[7] Gomm W., von Holt K., Thomé F., Broich K., Maier W., Fink A., Doblhammer G., Haenisch B. (2016): Association of Proton Pump Inhibitors With Risk of Dementia: A Pharmacoepidemiological Claims Data Analysis. JAMA Neurology. DOI: 10.1001/jamaneurol.2015.4791.

[8] Teipel S., Fritze T., Ovari A. et al.(2015): Regional Pattern of Dementia and Prevalence of Hearing Impairment in Germany. DOI: 10.1002/lio2.65.

[9] Doblhammer G., Fritze T. (2015): Month of Birth and Dementia Late in Life. In: Hank K., Kreyenfeld M: Social Demography. Forschung an der Schnittstelle von Soziologie und Demografie. KZfSS Kölner Zeitschrift für Soziologie und Sozialpsychologie. 217-240. DOI 10.1007/s11577-015-0328-3.

[10] Doblhammer G., Fritze T., Teipel S. et. al. (2015): Spatial patterns of dementia prevalence and its vascular risk factors in Germany. In: Doblhammer G. (ED):Health among the Elderly in Germany: New Evidence on Disease, Disability and Care Need. Vol 46. Opladen, Berlin, Toronto: Barbara Budrich.

[11] Doblhammer G., Fink A., Zylla S., Willekens F. (2015): Compression or Expansion of Dementia into Old Age in Germany? An Observational Study of Short-Term Trends in Incidence and Death Rates of Dementia between 2006/07 and 2009/10 Based on German Health Insurance Data. Alzheimer's Research & Therapy 7(1): 66-76. DOI: 10.1186/s13195-015-0146-x.

[12] Heneka M. T., Fink A., Doblhammer G. (2015): Effect of pioglitazone medication on the incidence of dementia. Annals of Neurology 78(2): 284-294. DOI: 10.1002/ana.24439.

[13] Fink A., Doblhammer G. (2015): Risk of long-term care dependence for dementia patients is associated with type of physician – An analysis of German health claims data for the years 2006 to 2010. Journal of Alzheimer’s Disease 47(2): 443-452. DOI: 10.3233/JAD-142082.

[14] Doblhammer G., Fink A., Fritze T. (2015): Short-Term Trends in Dementia Prevalence in Germany Between the Years 2007 and 2009. Alzheimer’s & Dementia 11(3): 291-299. DOI: 10.1016/j.jalz.2014.02.006.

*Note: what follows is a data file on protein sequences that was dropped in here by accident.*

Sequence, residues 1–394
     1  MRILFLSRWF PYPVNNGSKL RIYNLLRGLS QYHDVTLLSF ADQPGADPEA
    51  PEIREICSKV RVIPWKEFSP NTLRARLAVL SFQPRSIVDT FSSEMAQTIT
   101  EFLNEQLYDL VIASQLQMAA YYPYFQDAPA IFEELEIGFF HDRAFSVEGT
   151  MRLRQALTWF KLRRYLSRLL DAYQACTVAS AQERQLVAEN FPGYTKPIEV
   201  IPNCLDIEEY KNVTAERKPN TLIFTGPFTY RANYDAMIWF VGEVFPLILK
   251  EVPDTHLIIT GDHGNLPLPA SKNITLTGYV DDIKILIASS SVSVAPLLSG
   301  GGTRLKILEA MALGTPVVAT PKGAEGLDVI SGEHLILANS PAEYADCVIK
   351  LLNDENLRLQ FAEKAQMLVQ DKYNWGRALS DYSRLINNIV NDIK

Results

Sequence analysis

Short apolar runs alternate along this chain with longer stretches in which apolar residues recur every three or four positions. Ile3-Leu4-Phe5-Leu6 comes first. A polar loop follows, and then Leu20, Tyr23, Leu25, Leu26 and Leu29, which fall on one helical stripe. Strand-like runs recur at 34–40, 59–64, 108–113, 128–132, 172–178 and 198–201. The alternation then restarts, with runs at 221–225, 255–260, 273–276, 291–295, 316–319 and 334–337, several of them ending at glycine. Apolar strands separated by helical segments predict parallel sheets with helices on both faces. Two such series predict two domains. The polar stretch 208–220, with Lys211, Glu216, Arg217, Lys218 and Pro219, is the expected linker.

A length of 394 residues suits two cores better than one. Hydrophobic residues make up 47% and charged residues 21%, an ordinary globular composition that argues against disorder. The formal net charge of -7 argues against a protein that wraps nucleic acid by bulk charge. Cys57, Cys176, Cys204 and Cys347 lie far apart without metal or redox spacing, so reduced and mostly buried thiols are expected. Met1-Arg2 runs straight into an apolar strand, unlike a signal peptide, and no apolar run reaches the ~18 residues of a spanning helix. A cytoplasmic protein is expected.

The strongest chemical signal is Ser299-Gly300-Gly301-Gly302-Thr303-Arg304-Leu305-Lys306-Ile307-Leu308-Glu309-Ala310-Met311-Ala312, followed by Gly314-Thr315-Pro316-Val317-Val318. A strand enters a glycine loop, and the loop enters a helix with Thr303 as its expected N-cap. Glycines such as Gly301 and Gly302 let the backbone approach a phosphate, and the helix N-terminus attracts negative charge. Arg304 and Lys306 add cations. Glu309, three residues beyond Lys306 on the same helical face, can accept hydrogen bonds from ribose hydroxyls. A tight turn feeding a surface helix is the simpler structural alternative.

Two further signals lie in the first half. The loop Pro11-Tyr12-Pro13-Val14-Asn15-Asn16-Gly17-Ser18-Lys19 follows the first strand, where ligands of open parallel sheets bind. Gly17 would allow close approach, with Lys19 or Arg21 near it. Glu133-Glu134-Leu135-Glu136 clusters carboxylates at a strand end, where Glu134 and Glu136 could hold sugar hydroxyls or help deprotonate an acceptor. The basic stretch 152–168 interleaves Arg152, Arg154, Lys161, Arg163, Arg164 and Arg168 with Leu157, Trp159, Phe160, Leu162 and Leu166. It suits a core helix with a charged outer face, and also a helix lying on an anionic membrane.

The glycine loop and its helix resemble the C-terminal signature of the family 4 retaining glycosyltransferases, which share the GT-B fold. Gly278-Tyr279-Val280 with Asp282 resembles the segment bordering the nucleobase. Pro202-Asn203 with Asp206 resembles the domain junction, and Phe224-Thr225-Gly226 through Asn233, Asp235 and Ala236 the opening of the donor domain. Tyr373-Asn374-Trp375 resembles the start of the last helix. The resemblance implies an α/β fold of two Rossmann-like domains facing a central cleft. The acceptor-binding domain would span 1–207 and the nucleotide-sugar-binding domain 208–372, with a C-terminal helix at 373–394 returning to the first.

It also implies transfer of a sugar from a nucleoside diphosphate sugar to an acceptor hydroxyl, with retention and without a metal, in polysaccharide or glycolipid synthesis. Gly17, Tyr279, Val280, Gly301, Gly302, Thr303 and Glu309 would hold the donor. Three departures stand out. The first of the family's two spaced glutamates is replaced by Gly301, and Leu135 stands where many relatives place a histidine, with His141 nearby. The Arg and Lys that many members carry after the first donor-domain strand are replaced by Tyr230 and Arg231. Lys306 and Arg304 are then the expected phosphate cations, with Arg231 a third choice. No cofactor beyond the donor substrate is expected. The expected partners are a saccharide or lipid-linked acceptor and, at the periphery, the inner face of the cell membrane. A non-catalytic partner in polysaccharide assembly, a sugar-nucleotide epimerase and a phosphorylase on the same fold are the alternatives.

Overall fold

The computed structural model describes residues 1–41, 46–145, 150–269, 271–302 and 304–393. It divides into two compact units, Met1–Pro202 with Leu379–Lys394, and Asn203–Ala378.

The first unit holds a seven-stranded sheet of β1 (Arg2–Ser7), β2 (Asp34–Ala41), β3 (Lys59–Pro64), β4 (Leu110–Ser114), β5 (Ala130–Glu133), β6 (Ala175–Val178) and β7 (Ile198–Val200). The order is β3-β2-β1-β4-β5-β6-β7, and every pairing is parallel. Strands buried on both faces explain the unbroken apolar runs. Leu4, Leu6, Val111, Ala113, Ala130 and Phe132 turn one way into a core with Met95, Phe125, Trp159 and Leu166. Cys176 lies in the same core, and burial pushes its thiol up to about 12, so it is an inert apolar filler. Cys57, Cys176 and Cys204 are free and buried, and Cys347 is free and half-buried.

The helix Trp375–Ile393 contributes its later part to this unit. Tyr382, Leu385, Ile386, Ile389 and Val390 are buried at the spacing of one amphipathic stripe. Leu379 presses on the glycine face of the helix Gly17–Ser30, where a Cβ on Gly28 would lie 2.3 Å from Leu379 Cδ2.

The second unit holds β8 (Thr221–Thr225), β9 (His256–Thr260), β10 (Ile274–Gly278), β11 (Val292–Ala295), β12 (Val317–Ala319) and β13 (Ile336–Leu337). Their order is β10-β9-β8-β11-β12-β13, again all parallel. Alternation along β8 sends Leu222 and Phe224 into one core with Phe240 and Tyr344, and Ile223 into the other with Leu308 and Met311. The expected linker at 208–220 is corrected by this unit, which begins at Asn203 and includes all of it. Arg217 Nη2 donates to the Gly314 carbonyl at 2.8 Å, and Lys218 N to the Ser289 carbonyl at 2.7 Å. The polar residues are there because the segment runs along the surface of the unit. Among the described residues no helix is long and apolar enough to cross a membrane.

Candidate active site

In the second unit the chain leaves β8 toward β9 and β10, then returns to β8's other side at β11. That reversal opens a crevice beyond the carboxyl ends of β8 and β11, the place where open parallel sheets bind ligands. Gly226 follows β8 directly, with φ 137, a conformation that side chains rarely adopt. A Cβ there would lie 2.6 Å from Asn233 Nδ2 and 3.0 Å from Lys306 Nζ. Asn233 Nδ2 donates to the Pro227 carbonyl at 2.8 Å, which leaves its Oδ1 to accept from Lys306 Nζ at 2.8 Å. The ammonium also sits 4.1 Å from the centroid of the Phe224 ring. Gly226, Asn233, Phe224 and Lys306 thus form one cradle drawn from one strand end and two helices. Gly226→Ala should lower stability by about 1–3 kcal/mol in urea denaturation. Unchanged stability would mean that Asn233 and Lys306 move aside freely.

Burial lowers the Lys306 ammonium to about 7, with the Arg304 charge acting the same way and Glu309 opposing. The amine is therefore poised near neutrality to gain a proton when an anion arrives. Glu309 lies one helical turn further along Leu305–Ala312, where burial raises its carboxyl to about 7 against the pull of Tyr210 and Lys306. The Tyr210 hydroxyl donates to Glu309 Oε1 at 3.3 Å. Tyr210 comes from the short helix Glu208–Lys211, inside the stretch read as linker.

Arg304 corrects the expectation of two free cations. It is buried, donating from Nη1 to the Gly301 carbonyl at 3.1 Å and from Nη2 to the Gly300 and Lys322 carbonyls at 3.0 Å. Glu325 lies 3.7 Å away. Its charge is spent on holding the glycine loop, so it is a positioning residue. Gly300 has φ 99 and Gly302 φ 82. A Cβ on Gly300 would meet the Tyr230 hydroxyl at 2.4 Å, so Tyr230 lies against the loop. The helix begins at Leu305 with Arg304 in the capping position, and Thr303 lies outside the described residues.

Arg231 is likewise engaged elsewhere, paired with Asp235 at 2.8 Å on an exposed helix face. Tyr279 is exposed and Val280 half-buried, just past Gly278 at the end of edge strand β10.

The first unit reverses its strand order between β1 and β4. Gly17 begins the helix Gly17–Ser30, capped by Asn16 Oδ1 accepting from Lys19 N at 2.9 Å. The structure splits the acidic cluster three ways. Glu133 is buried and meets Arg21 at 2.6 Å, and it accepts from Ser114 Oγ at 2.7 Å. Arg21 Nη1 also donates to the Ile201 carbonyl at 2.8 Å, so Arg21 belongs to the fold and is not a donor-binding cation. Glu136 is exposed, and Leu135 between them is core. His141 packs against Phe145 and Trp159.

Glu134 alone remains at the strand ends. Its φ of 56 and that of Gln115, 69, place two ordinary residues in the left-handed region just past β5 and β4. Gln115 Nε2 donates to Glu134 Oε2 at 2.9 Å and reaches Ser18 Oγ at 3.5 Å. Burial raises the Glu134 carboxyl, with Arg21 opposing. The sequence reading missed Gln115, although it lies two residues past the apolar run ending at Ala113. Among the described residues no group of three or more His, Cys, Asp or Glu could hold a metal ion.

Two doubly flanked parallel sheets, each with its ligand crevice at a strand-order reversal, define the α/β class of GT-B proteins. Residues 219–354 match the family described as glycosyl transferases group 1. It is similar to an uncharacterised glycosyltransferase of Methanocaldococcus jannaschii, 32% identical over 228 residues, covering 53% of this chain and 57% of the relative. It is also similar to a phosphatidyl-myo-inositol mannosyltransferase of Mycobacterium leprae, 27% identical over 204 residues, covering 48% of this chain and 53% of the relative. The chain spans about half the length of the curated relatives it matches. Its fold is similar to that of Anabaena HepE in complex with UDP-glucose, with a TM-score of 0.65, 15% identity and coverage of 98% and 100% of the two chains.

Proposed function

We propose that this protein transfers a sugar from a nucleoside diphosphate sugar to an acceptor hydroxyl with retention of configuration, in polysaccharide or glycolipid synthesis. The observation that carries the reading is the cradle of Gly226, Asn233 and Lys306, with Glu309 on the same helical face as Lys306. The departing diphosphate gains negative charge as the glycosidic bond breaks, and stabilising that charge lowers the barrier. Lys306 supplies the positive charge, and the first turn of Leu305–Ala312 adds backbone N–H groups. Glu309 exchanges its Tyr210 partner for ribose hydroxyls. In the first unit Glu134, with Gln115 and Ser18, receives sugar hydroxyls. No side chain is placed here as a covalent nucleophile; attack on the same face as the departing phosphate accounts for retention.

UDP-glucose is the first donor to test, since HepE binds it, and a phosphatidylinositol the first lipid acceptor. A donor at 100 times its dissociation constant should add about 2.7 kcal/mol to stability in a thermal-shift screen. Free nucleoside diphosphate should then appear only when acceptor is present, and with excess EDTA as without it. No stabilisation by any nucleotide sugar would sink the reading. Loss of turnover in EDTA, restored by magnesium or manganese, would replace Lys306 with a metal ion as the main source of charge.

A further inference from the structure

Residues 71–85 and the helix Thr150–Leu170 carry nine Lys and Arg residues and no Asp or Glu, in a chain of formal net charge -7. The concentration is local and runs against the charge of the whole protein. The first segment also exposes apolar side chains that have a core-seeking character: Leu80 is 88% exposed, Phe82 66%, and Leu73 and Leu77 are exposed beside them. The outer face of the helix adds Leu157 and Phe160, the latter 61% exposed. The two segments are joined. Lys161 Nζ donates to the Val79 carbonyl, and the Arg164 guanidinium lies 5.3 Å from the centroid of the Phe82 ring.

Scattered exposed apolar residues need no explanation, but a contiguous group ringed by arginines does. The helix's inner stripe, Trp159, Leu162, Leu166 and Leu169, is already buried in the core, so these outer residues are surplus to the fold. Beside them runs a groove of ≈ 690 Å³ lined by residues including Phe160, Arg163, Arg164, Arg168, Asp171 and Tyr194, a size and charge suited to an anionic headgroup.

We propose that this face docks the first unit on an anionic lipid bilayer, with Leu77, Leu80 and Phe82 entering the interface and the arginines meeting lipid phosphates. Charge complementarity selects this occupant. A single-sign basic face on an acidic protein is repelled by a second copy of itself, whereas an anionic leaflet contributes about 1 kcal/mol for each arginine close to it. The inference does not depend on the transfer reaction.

[15] Doblhammer G., Fink A., Zylla S., Willekens F. (2015): Compression or expansion of dementia in Germany? An observational study of short-termin trends in incidence and death rates of dementia betweend 2006/07 an 2009/10 based in German health insurance data. Azheimers's Research & Therapy: DOI 10.1186/s13195-015-0146-x.

[16] Fink A. (2014): Dementia and Long-Term Care – An Analysis Based on German Health Insurance Data. In: G. Doblhammer (Ed.): Health among the Elderly in Germany: New Evidence on Disease, Disability and Care Need. Series on Population Studies by the Federal Institute for Population Research, Volume 46, Opladen, Berlin, Toronto: Barbara Budrich, 109-126.

[17] Doblhammer G., Fink A., Fritze T., Günster C. (2013): The Demography and Epidemiology of Dementia. Geriatric Mental Health Care 1(2): 29-33. DOI: 10.1016/j.gmhc.2013.04.002.

[18] Doblhammer G., Schulz A., Steinberg J., Ziegler U. (2012): Demografie der Demenz. Bern: Verlag Hans Huber, Hogrefe AG.

[19] Schulz A, Doblhammer G. (2012): Aktueller und zukünftiger Krankenbestand von Demenz in Deutschland auf Basis der Routinedaten der AOK. In: C. Günster, J. Klose, N. Schmacke: Versorgungs-Report 2012: Schwerpunkt: Gesundheit im Alter. Schattauer GmbH: 161-176.

[20] Ziegler U., Doblhammer G. (2010): Projections of the Number of People with Dementia in Germany 2002 Through 2047. In: Doblhammer G., Scholz R. (eds) Ageing, Care Need and Quality of Life. VS Verlag für Sozialwissenschaften.

[21] Ziegler U.;Doblhammer G. (2009): Prävalenz und Inzidenz von Demenz in Deutschland - Eine Studie auf Basis von Daten der gesetzlichen Krankenversicherungen von 2002. Rostocker Zentrum -Diskussionspapier No. 24. Rostocker Zentrum zur Erforschung des Demografischen Wandels.

Current third-party funded projects